Outsourcing Death


Years ago, I wrote about lead poisoning for The Atlantic--reporting that blood lead levels in the United States had declined dramatically since the ban of lead in gasoline, and that when it cames to lead, most middle class American families had little to fear.  Unfortunately, the same cannot be said of families in La Oroya, Peru--thanks to Doe Run Peru, a lead smelting operation owned by American billionaire industrialist Ira Rennert.  According to the Times, in addition to his metals empire Rennert is proud owner of, among many other things, a 66,000 square foot Italianate mansion in the Hamptons.  Let's hope for his sake he spends a bit more time tucked away in that villa than in La Oroya, which is listed as one of the 10 most polluted places on earth.   Rennert claims he would clean up his smelter, were it not for the low price of metal these days.  And who are we to disagree?  You don't become a billionaire by sweating the small stuff--like permanent brain damage in someone else's children.  But the locals find this puzzling. "It's like we're pawns in a game," one La Oroyan told the Times.  "What I still fail to understand is why we are exposed to the risks of an American investment but not to the environmental protections enjoyed by the citizens of the United States."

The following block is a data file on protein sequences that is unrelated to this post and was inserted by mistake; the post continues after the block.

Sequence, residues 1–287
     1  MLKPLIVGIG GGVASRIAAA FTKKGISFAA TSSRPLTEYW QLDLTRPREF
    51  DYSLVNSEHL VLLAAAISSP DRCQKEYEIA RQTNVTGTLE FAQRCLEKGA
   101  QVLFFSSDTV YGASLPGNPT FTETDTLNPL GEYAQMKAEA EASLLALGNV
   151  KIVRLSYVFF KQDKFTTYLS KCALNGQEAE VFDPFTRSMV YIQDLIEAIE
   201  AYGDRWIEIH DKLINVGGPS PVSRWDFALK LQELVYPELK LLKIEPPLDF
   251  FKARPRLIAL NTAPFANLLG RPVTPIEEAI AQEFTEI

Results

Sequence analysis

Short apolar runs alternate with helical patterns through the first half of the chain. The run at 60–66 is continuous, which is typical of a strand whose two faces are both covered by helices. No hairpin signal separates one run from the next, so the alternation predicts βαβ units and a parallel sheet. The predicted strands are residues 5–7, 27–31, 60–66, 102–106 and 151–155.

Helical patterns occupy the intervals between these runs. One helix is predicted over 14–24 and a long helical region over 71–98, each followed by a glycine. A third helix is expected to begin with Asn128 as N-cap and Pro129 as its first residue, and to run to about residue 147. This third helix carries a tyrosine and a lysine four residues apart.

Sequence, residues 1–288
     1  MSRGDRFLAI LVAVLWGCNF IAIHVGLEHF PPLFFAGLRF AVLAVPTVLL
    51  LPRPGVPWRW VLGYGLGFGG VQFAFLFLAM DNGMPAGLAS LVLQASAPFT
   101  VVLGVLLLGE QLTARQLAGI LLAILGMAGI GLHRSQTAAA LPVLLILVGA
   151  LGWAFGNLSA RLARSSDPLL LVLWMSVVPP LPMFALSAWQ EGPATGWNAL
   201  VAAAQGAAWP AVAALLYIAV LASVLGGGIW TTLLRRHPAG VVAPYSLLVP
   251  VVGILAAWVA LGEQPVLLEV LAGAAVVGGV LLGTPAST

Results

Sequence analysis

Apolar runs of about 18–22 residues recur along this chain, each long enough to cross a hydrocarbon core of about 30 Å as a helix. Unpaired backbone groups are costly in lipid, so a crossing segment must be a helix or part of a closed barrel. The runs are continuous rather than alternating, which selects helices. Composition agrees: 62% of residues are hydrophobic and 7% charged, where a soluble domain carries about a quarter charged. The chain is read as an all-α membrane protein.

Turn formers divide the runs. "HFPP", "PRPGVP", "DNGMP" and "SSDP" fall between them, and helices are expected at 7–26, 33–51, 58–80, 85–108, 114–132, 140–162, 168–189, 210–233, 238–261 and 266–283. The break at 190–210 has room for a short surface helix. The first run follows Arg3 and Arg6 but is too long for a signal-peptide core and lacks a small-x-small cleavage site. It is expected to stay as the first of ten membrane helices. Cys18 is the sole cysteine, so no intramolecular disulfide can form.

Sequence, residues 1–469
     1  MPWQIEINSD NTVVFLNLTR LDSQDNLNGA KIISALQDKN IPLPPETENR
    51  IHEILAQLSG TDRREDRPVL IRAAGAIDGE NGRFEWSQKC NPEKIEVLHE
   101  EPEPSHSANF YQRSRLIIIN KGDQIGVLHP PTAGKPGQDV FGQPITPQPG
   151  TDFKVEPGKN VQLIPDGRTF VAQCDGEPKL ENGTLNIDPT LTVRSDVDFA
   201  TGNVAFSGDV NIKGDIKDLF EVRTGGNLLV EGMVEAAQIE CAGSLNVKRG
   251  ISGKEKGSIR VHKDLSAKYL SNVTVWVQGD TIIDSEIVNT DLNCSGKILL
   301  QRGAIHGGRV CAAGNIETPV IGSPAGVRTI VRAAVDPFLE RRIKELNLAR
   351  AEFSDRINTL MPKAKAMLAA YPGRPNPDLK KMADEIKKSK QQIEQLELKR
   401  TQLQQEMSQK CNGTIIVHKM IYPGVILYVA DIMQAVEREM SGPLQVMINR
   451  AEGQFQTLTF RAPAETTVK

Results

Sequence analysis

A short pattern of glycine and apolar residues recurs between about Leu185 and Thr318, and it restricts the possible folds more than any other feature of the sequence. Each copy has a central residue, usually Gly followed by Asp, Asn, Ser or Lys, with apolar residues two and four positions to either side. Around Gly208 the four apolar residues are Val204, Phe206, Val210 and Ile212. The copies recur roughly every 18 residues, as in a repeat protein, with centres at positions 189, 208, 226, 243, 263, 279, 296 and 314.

Outsourcing pollution--and the illness and death linked to it--has long been the norm for many multi-national corporations, as anyone who has spent much time in China knows. A  Carnegie Mellon study concluded that the United States may be reducing its own carbon emissions by importing goods from countries that are creating even more emissions.  The impact of this is most deeply felt by the poor, few of whom have anything to say about it.   But we do.   We can think twice before purchasing products that endanger the communities they are made in, even if it means paying a few pennies more. And we can demand that multi-national companies that represent American interests insist on pollution controls and worker protections.  In an increasingly "flat" world, can we really afford to do any less?

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Ellen Ruppel Shell is a professor and science journalist who teaches at Boston University. She is the author most recently of Cheap: The High Cost of Discount Culture. More

Atlantic contributing editor Ellen Ruppel Shell teaches at Boston University, where she co-directs the Graduate Program in Science Journalism. She writes on science, medicine, the media, economics, and sometimes even sports and the arts, and tends to focus on the underlying cultural and societal implications. She is the author most recently of Cheap: The High Cost of Discount Culture.
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